The poor and emerging nations of the world are, by definition, the least able to bear the health costs of treating serious nutrition-related conditions such as severe acute malnutrition and obesity-related diabetes. As a consequence, treatment facilities are often poorly equipped and staffed, and hence the case fatality rates for such conditions are much higher than in rich nations. The photographs in Figures 10 and 11 were taken on the same day in a tertiary level hospital in urban Africa. The bed-ridden woman was awaiting amputation of her diabetic foot (reported by the surgeons as one of the most common operations they performed). The malnourished child was in a ward directly below the adult ward, graphically illustrating the juxtaposition of the two extremes of malnutrition and the terrible challenges that this poses. When considered in the context of the high additional burden of treating infectious diseases, it is no wonder that so many health systems are failing. A visit to such hospitals can be a traumatic experience for visitors used to top-quality first-world medical care.

Fig. 10.

An overweight patient awaits treatment for her diabetic foot. Photo credit: Felicia Webb.

Fig. 10.

An overweight patient awaits treatment for her diabetic foot. Photo credit: Felicia Webb.

Close modal
Fig. 11.

A malnourished child in a nearby ward exemplifies the health system’s challenges of the double burden of malnutrition. Photo credit: Felicia Webb.

Fig. 11.

A malnourished child in a nearby ward exemplifies the health system’s challenges of the double burden of malnutrition. Photo credit: Felicia Webb.

Close modal

A decade ago, the UK government published the seminal Foresight Report [15] that attempted to collate all the available evidence about the drivers of the obesity epidemic and to use this knowledge to construct recommendations for government action. The report acknowledged that the metabolic mechanisms regulating (or failing to regulate) energy balance in humans were central to all efforts, but that these were influenced by a wide variety of social and environmental determinants that were rapidly changing in our modern world. They drew up a complex “systems map” to describe these influences and used it to press the case that strategies against obesity must be developed by almost every government department from health to transport, housing, education, and sport, and all must have the support of treasury. Though developed for the UK, these lessons are applicable everywhere.

The World Health Organization has convened expert groups on obesity and noncommunicable diseases and is constantly updating the evidence base used to plan recommended initiatives [e.g., 16, 17]. These are backed by ancillary reports on mechanisms to achieve these ends such as fiscal measures against sugary drinks [18] and development of a global action plan to promote physical activity [19]. The report on childhood obesity makes a large number of recommendations [17], indeed probably an overwhelming number for low-income countries that already have major challenges in strengthening their school systems.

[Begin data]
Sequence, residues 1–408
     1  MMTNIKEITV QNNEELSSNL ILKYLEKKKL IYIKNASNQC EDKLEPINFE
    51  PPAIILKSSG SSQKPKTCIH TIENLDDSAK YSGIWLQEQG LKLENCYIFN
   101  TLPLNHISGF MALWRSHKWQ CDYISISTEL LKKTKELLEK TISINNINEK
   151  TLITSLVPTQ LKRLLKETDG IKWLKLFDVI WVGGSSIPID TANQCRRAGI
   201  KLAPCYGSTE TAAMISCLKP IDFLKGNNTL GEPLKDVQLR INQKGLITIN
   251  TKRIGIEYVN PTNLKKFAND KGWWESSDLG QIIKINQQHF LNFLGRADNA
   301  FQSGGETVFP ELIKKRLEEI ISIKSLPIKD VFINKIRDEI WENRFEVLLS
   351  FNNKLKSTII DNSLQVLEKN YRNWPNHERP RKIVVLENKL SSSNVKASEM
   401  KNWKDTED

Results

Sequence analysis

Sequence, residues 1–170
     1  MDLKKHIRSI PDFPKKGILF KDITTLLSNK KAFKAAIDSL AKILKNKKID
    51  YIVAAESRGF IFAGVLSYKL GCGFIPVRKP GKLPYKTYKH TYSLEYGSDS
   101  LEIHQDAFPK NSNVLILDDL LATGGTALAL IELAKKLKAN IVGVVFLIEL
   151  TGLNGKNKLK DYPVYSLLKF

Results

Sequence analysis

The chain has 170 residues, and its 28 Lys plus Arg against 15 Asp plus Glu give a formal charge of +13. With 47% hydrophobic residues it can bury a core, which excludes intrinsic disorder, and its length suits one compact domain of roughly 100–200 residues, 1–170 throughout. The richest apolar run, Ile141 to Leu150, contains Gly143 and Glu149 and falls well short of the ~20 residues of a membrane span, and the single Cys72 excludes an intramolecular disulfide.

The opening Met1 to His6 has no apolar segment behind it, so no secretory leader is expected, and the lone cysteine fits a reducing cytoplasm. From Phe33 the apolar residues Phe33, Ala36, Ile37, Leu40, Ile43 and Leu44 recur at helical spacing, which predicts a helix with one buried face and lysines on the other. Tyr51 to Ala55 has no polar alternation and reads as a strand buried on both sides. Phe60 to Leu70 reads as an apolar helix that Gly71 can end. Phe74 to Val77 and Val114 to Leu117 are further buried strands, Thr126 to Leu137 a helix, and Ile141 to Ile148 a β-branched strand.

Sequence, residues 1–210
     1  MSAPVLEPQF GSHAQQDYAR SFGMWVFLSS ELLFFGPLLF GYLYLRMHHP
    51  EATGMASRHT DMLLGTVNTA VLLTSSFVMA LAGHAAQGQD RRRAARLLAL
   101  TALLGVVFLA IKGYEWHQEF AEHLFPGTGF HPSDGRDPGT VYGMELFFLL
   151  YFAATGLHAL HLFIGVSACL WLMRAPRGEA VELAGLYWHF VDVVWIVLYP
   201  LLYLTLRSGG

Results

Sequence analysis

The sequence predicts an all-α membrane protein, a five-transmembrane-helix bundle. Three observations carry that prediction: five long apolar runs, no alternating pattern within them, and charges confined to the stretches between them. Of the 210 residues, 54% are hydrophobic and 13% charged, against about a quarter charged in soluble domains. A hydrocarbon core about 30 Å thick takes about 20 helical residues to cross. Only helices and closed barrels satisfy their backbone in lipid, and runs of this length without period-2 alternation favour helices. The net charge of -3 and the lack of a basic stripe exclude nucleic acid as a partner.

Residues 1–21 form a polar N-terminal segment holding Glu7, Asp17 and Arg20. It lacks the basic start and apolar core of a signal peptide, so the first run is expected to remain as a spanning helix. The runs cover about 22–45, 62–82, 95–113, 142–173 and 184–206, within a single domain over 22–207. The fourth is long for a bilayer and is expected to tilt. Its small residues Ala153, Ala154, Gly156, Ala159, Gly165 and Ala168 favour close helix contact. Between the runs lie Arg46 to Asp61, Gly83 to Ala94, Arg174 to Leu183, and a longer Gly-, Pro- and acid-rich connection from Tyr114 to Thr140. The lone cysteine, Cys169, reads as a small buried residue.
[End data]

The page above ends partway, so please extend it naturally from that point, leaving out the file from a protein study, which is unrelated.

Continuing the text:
A relatively new element of all of these efforts is the recent appreciation of how important it is to consider both ends of the malnutrition spectrum with a life-course lens. In other words, to understand that childhood undernutrition has prenatal and probably intergenerational origins [11, 17]. Most children who are stunted at the age of 2 years were already stunted at birth [19] and were born to small mothers. Likewise, a malnourished fetus may adopt a “thrifty phenotype” [20] that is better able to accrue fat in later life if exposed to an obesogenic environment and is therefore at special risk of inappropriate weight gain.

The economic advancement and associated demographic transitions that are happening in most countries except those marred by conflict will ultimately bring a natural decline in undernutrition. Progress in recent decades has been good in all continents except Africa as a whole; and even here there were many nations that achieved their Millennium Development Goal of halving malnutrition. However, unless the governments and peoples of these emerging nations are able to learn lessons from the countries that have passed through the transition before them, they will incur a huge burden of overweight and obesity. The challenge therefore is first to recognize the impending threat and then to take cross-government actions to halt the epidemic and its associated health crisis. The greatest hope lies in the fact that most governments are at least aware of the threat; finding the bandwidth and resources to tackle it would bring long-term gains in health and wealth to any government that can achieve it.

The writing of this article was supported by Nestlé Nutrition Institute.

1.
FAO, IFAD, UNICEF, WFP, WHO: The State of Food Security and Nutrition in the World 2017. Building Resilience for Peace and Food Security. Rome, FAO, 2017.
2.
Prentice AM: The emerging epidemic of obesity in developing countries. Int J Epidemiol 2006; 35: 93–99.
3.
Black RE, Victora CG, Walker SP, et al: Maternal and child undernutrition and overweight in low-income and middle-income countries. Lancet 2013; 382: 427–451.